NI is UK hot spot for house price rises

Northern Ireland is the UK’s regional hotspot for house price rises, according to a survey out today.

The cost of homes is rising at a whopping 20% a year according to the latest University of Ulster Quarterly House Price Index produced in partnership with Bank of Ireland and supported by the Northern Ireland Housing Executive.

The quarterly survey, regarded as the most authoritative study of domestic property prices, puts the average price of a house in Northern Ireland at £139,520

Covering 2,772 house transactions between July and September, the survey shows the annual rates of increase ranging from 11.5% for apartments to more than 26% for detached houses.

The authors of the House Price Index – Professor Alastair Adair, Professor Stanley McGreal and Mrs Louise Brown of the University of Ulster – say the latest figures confirm a strong trend of house price increases during 2005.

Prof Adair said: “With an annual increase of 20%, Northern Ireland house prices are out-performing not only the expectations for the local market during 2005 but leading other regions of the UK where the pattern has been for slower growth."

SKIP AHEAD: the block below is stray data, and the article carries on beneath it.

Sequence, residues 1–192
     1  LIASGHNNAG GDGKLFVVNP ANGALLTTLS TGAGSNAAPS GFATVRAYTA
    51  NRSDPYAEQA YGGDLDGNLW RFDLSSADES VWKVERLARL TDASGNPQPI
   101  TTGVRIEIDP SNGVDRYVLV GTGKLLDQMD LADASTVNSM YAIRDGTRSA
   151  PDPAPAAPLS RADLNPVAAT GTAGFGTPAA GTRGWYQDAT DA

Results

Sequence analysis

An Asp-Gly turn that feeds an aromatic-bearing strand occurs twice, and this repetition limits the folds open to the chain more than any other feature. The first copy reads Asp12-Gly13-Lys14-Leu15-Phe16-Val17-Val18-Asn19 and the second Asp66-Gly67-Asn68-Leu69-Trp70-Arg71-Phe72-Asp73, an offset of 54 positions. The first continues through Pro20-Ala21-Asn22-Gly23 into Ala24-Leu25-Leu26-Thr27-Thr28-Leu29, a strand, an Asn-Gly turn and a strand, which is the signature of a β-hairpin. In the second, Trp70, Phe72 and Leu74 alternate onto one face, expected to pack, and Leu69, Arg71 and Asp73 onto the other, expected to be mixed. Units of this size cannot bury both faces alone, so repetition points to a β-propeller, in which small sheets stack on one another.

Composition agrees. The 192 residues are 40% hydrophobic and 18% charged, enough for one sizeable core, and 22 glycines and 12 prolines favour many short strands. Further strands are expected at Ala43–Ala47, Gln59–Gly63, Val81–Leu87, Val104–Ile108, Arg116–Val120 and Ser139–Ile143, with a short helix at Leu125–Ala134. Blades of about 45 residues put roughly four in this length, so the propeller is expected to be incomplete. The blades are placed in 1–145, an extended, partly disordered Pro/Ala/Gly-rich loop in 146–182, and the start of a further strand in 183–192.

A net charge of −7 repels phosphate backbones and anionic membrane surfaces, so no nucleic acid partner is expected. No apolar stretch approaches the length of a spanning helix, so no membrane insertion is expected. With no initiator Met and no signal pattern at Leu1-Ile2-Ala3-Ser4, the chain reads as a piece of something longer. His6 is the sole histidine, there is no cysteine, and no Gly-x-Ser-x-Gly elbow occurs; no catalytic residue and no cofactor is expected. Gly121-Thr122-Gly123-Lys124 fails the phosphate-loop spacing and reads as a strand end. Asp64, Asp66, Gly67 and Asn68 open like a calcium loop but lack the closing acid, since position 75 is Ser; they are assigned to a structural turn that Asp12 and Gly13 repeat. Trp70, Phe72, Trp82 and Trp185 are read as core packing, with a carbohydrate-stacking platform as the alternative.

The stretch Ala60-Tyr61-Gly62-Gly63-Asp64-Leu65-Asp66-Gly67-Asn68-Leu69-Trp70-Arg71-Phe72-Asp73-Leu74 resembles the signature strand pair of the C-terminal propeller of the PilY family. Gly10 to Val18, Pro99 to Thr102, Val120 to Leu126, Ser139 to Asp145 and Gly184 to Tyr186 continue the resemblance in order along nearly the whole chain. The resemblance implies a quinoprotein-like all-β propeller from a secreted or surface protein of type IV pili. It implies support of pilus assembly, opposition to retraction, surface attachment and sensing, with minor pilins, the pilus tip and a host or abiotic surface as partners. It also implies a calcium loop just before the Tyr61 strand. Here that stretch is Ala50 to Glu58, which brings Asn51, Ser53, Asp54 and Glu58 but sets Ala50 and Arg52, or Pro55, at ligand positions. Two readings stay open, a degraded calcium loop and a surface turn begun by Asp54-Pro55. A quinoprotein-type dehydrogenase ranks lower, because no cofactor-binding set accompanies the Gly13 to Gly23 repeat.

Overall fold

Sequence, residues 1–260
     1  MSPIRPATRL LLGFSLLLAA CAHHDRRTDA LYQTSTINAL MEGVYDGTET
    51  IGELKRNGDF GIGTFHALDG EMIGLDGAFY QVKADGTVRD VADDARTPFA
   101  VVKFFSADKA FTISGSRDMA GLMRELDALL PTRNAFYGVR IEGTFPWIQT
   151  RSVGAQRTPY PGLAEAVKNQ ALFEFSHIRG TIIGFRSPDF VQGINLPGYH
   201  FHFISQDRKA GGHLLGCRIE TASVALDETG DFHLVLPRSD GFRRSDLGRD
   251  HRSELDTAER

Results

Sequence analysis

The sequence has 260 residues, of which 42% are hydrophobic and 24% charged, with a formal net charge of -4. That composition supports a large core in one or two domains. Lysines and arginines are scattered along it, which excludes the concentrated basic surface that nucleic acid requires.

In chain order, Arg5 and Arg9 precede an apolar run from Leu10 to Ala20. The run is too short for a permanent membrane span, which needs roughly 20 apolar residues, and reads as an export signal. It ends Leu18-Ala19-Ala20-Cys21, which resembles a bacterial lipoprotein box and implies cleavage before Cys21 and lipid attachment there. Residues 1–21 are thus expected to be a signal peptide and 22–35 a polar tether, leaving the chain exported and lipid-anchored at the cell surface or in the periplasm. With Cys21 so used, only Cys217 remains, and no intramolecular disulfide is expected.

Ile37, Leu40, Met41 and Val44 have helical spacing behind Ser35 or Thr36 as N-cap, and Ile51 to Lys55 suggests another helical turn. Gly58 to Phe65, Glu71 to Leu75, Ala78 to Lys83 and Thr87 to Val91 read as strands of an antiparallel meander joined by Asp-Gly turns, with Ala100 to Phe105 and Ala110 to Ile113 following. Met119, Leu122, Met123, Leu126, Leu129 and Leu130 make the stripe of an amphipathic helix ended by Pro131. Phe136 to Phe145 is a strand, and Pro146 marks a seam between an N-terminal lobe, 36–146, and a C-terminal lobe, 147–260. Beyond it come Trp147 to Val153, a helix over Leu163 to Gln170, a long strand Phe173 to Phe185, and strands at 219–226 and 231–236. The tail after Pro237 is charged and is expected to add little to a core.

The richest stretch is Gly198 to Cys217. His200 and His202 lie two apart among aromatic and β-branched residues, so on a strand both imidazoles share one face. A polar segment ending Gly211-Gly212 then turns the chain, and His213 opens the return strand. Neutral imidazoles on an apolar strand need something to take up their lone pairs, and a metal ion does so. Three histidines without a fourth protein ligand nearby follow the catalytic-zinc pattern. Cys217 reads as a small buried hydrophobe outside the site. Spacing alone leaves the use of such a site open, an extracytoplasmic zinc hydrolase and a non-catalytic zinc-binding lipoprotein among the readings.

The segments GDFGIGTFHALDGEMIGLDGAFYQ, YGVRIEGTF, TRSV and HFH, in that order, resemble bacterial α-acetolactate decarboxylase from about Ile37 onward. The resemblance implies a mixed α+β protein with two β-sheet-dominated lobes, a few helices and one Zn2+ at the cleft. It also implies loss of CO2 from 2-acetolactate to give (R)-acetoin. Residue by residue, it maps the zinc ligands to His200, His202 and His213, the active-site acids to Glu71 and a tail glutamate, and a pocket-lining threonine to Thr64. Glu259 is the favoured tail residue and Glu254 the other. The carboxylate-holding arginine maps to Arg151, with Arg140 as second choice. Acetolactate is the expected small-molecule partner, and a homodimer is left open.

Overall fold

Bank of Ireland’s Head of Research in Northern Ireland, economist Alan Bridle, said: “This year is shaping up to be a record breaker in local house prices.

“One factor at play is the attraction of property as an investment. Despite soaring prices, lenders report no let up in demand for buy-to-let finance or in the appetite of people to re-mortgage homes in order to buy a second property.”

Mr Bridle doesn’t forecast a crash in the local market but says that by 2007 or 2008 the economic climate might not be as favourable and house price increases should moderate.

With 68% of properties in the survey selling for above £100,000, the Northern Ireland Housing Executive is worried about the plight of first-time buyers.

The Housing Executive's Head of Research Joe Frey said: "The big increase in average house prices reflects the fact that smaller numbers of lower priced houses are being sold, as first-time buyers are finding it more difficult to find a deposit and pay a mortgage.

"This in turn is fuelling the buy-to-let market. The Housing Executive is addressing this in a number of ways, including working with Co-ownership Housing Association to look at ways of expanding shared ownership in Northern Ireland.”

All property types showed increases in the third quarter of 2005. Detached houses are the market leader with an overall average price of £214,834, an increase of 26.16% over the year.

Detached bungalows rose by 19.44% to an average price of £182,578. The terraced/townhouse market also performed strongly with an annual increase of 19.31% to an average of £105,048.

For semi detached houses, the annual growth was 18% bringing the average price to £125,563 while semi-detached bungalows went up 22.16% to an average of £121,737.

The performance of the apartment sector, which has been variable over the last few years, was a little weaker than the rest of the market. Apartment prices rose by 11.5% to an average price of £110,988.


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